Multifaceted mitochondrial pathogenesis. (A) Somatic tissues contain 100–1000’s of mitochondrial DNA (mtDNA) molecules each, such that a mixture of normal and mutated copies can coexist in a state of heteroplasmy. (B) The mitochondrial genome, containing 37 genes essential to respiratory chain assembly and function. (C) mtDNA heteroplasmy for the most common pathogenic MELAS-causing m.3243A>G mutation of the tRNALeu(UUR) gene causes genome-wide transcriptional reprogramming; data adapted from (Picard et al., 2014b). (D) Mitochondrial signals promoting cancer initiation and progression. (E) Abnormal mitochondrial function and positioning alters multiple components of the nervous system. (F) Metabolic programming of immune cell differentiation and proliferation into anti- and pro-inflammatory phenotypes, driven by the balance of oxidative phosphorylation (OXPHOS) vs. glycolysis and mitochondrial reactive oxygen species (mtROS).


Multi-level organization of mitochondrial molecular composition, structures, functions, and signaling roles within the cell. These nested facets of mitochondrial functions are depicted hierarchically in a Maslow-type pyramidal model with the most basic determinants at the bottom and more complex emergent processes above. These facets of mitochondrial and cellular functions (first dimension) are regarded as determinants of higher-level physiological functions (second dimension), which in turn influence systems-level functions (third dimension) that contribute to clinical outcomes and mortality.

Figures above adapted from: The rise of mitochondria in medicine

The microbiome and mitochondria communicate with each other


Microbiota and pathogenic bacteria target host cell through ROS regulation and DNA insertion. Commensal and pathogenic bacteria release factors that modulate cell ROS concentration by acting on mitochondrial activity. Pathogen-associated molecular patterns activate the pattern recognition receptors (PRR) and induce mitochondrial ROS production and nuclear gene expression. In parallel, commensal bacteria release formylated protein recognized by the formylated protein receptor (FPR) that activates NADPH oxidase (NOX) and increases cytoplasmic ROS that are sensed by redox sensor proteins. High ROS production is able to trigger an inflammatory response and increases cell oxidative stress. Furthermore, cell stress can trigger mitochondrial and bacterial DNA insertion in the nuclear genome leading to alteration of cellular gene expression. (1) Arrow 1: mitochondrial DNA insertion into the nucleus. (2) Arrow 2: bacterial DNA insertion into the nucleus.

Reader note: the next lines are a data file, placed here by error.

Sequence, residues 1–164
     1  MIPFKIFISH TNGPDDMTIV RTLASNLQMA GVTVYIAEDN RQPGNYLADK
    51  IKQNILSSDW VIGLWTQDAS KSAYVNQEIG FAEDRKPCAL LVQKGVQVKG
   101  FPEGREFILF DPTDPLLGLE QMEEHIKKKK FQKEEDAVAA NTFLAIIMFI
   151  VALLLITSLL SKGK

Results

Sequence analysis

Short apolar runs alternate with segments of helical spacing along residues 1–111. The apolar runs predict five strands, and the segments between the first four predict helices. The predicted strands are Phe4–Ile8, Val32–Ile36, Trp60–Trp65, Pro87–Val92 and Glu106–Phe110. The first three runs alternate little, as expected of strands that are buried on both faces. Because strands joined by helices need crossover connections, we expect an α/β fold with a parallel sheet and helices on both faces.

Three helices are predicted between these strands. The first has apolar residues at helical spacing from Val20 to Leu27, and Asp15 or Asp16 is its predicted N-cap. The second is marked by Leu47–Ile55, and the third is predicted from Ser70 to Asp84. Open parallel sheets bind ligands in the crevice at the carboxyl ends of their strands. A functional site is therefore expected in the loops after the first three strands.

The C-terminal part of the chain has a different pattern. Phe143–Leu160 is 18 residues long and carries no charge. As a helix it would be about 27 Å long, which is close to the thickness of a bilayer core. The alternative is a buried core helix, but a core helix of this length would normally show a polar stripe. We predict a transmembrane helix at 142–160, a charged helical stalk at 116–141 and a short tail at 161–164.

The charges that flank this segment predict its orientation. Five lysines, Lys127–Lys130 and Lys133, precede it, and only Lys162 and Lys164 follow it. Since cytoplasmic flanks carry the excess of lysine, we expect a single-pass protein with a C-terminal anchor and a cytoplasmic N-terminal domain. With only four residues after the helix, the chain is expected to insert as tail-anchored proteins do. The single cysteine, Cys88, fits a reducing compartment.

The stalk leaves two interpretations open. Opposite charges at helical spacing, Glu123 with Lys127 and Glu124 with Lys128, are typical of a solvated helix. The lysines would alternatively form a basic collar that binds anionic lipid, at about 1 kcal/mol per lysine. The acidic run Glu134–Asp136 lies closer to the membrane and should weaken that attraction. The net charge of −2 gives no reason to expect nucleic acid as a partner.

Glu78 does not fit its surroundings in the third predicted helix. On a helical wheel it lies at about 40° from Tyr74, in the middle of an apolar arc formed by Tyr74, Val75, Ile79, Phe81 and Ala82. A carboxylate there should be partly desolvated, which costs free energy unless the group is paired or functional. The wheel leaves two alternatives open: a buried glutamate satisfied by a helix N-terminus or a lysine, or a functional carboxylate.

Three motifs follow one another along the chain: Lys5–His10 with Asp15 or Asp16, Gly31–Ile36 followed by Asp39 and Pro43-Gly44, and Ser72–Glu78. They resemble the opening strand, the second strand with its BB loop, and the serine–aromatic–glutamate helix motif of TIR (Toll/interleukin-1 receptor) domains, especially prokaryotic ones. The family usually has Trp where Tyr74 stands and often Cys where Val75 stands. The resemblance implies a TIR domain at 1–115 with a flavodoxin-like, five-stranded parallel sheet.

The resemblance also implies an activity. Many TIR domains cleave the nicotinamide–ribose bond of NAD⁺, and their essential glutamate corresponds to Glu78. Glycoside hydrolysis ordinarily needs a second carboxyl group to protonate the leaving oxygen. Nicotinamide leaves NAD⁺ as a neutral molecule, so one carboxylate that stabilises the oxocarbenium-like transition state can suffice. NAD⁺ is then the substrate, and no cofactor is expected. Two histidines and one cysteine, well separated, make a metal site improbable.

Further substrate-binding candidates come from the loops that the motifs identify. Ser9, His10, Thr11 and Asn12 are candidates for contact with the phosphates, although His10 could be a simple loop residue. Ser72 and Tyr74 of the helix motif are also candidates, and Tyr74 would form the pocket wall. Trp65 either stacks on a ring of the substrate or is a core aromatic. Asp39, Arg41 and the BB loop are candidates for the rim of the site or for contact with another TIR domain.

Microbiota release metabolites that promote or decrease mitochondrial energy metabolism. Nitric oxide (NO) is able to inhibit the tricarboxylic acid cycle (TCA) by reducing acetyl-CoA production. In addition high production of hydrogen sulfide (H2S) by the microbiota inhibit complex IV of the electron transfer chain (ETC). In contrast, short chain fatty acids (SCFAs), in particular butyrate, are able to fuel the TCA cycle. In parallel, SCFAs can induce release of anti-inflammatory IL-10 cytokines and signaling hormone GLP-1 to reduce energy intake.

Figures adapted from: Microbiota–mitochondria inter-talk: consequence for microbiota–host interaction

The mitochondria in the body communicate with each other and with the microbiome via the nervous, endocrine and immune systems


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Diagram of the interactions between the brain and components of the endocrine and immune systems. The ability of the brain to alter immune system function via a variety of endocrine pathways and the autonomic nervous system is emphasized, and the effects of peptides and cytokines produced by the immune system on immune cells and the brain is indicated. A, adrenaline (epinephrine); ACTH, adrenocorticotrophic hormone; CRF, corticotrophin‐releasing factor; CS, corticosteroids; Enk, enkephalins; GH, growth hormone; NA, noradrenaline (norepinephrine); NPY, neuropeptide Y; SP, substance P; TNFα, tumour necrosis factor α. Modified from Dunn (1995).


Diagram of the relationship of the brain, the hypothalamic–pituitary–adrenocortical (HPA) axis and immune cells. Interleukin‐1 (IL‐1), and possibly other cytokines, produced by lymphocytes during the immune response activates noradrenergic (NA) projections from the brainstem to the hypothalamic paraventricular nucleus (PVN). This input activates the HPA axis, stimulating the release of corticotrophin‐releasing factor (CRF) from the median eminence of the hypothalamus. CRF stimulates the secretion of adrenocorticotrophic hormone (ACTH) from the anterior lobe of the pituitary, which in turn activates the adrenal cortex to synthesize and secrete glucocorticoid hormones. The glucocorticoids may provide a negative feedback on cytokine production by lymphocytes. Modified from Dunn (1995).

Figures adapted from: Nervous and Immune System Interactions

Connecting the Social Determinants of Diseases with Mitochondrial Dysfunction



Figures adapted from: Allostatic load and comorbidities: A mitochondrial, epigenetic, and evolutionary perspective

Are the pleomorphic mitochondria the pleomorphic microzyma of Antoine Bernard’s cellular/terrain theory of disease?

two diseaseAdapted from: Shifting the Paradigm

Published on Apr 5, 2017

In this video, natural health expert and founder Dr. Joseph Mercola interviews Dr. Zach Bush about soil health, intercellular communication and their effects on human health.